After a very productive opening to free agency, the Panthers still have a little cash to spend.
According to the latest NFLPA public cap projections, Carolina has about $11.6 million in salary cap space.
This includes the approximate $13.5 million franchise tag that defensive end Kawann Short is expected to sign – which essentially is equivalent to the carryover of unspent money from 2016.
That number also only includes the top 51 salaries for roster players, so will ultimately be a little less than $11.6 million because the Panthers have 77 salaried contracts according to the NFLPA (some of them relatively small).
Salary structures can vary, especially with many modern contracts being light on the front end as the cap – set this year at $167 million – is expected to continue to increase. It has gone up by about $12 million each year since 2015 and by at least $10 million per year since 2014.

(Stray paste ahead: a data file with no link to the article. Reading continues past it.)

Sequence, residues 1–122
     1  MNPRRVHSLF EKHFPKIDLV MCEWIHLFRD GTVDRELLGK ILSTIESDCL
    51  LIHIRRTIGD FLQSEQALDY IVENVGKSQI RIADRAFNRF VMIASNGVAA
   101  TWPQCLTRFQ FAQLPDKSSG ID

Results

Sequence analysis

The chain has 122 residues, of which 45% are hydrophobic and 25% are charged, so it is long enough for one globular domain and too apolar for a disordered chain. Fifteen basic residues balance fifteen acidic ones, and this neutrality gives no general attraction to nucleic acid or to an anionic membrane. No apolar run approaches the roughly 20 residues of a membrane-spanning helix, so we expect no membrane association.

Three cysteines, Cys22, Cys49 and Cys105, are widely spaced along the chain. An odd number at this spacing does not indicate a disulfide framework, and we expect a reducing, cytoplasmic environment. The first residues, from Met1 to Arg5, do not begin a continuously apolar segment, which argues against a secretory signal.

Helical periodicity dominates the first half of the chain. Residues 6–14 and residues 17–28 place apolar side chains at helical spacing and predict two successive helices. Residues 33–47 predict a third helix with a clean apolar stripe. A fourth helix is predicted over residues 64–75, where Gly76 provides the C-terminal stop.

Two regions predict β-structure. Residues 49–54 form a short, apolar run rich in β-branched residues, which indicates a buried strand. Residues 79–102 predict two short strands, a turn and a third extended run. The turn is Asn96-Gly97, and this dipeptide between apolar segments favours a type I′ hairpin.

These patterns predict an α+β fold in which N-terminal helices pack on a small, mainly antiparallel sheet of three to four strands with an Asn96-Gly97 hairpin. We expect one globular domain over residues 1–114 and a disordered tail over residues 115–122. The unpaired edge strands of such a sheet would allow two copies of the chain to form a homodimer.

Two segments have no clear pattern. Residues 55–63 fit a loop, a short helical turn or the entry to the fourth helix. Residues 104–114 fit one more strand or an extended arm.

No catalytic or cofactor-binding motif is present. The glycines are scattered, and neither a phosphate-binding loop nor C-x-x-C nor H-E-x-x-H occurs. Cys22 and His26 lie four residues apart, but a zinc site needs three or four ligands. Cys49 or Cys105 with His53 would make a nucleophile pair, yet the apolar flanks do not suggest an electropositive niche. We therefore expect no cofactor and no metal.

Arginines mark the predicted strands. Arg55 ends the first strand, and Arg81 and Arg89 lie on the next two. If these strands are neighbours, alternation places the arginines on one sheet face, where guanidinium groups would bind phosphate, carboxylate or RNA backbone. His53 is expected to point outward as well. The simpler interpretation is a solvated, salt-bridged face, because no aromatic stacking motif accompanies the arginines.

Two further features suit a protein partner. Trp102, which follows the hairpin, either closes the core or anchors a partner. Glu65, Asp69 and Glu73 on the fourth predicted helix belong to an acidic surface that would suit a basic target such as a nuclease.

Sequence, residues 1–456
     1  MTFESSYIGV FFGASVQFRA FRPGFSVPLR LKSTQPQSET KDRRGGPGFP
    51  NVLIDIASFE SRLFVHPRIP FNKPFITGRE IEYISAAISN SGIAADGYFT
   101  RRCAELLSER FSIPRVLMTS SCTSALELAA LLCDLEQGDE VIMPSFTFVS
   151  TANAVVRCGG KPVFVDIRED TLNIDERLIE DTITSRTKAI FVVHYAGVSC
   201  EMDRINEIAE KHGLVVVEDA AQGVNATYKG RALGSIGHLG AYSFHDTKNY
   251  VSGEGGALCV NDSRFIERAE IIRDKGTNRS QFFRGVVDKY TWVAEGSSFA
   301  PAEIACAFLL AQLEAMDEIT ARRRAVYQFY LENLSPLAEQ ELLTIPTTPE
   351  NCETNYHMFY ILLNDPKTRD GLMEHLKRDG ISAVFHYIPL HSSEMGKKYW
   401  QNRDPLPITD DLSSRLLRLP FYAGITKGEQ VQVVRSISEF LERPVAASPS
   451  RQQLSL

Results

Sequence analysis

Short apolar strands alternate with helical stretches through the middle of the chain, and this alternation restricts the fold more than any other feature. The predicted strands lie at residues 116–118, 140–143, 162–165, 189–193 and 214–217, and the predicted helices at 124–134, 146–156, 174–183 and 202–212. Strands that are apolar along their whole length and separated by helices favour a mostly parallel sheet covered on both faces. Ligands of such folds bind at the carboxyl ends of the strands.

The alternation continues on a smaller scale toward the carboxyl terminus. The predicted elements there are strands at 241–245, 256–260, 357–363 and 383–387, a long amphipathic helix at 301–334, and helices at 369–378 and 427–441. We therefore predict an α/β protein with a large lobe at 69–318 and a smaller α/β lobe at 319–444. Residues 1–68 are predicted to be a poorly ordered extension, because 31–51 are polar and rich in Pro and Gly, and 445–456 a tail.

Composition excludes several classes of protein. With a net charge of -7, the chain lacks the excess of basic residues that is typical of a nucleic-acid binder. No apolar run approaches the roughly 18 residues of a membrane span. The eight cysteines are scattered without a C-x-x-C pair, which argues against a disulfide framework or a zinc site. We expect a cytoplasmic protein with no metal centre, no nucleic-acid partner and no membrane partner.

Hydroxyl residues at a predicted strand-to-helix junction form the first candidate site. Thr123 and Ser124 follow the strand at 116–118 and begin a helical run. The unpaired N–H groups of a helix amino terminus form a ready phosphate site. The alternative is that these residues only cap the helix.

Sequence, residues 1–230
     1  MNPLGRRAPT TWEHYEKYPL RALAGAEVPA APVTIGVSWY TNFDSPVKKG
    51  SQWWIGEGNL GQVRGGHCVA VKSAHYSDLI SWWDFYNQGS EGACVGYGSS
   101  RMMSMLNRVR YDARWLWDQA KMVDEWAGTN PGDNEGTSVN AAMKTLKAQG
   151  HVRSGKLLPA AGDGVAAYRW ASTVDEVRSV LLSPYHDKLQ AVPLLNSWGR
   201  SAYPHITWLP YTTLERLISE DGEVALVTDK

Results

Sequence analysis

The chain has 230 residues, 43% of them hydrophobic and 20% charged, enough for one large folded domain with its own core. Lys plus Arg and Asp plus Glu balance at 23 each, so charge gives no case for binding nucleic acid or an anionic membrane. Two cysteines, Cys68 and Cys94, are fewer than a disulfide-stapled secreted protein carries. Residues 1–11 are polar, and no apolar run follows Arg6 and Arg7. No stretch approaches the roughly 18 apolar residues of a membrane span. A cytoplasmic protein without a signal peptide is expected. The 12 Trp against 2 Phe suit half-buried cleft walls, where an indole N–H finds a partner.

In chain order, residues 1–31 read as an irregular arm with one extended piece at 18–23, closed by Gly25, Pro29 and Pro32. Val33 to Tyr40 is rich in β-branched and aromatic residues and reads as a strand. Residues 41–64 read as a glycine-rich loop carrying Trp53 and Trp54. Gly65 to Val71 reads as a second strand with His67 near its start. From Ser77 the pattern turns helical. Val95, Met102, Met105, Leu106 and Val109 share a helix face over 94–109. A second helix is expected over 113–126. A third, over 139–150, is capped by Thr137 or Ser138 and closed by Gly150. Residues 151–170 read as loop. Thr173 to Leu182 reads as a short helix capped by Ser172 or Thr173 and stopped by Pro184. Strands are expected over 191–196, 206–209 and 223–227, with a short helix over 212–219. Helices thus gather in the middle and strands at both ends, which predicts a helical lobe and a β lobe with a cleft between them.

Even with lighter front-end contracts, a workable $11.6 million is unlikely to pull in any more big-name free agents for the Panthers. But those contracts give Carolina a little wiggle room when signing its 2017 draft picks – including No. 8 overall.
With the No. 8 overall pick in 2016, Tennessee Titans tackle Jack Conklin, the base salary was structured to be smaller up front with a large signing bonus prorated over the four years of his contract.
Conklin signed a four-year, $15.8 million contract with Tennessee with a $9.7 million signing bonus, according to Spotrac. But his base salary in 2016 was $450,000, and with the addition of a quarter of his signing bonus, $2.4 million, his cap hit was a very reasonable $2.8 million in 2016. Conklin’s base salary increases each year while his signing bonus is spaced out evenly, ultimately allowing him to earn a guaranteed $15.4 million with Tennessee by 2021, when he is eligible for free agency.
Carolina will probably manage its own No. 8 pick in similar fashion. The only question left is who that pick will be.